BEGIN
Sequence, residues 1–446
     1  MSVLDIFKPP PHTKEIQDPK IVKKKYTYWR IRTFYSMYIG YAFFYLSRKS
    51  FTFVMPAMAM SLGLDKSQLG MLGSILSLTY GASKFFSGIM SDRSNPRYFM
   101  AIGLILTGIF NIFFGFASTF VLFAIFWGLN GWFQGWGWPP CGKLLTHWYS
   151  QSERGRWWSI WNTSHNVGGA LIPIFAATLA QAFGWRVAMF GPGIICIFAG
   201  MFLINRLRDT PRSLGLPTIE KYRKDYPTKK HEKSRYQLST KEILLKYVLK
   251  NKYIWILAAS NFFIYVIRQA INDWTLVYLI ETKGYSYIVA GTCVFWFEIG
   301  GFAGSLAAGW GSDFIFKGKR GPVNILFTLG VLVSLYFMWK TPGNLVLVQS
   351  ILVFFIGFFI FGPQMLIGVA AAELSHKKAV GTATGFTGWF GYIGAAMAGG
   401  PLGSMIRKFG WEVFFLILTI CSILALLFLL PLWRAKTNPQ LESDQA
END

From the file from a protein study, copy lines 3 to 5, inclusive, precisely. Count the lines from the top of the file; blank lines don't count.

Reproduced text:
    51  FTFVMPAMAM SLGLDKSQLG MLGSILSLTY GASKFFSGIM SDRSNPRYFM
   101  AIGLILTGIF NIFFGFASTF VLFAIFWGLN GWFQGWGWPP CGKLLTHWYS
   151  QSERGRWWSI WNTSHNVGGA LIPIFAATLA QAFGWRVAMF GPGIICIFAG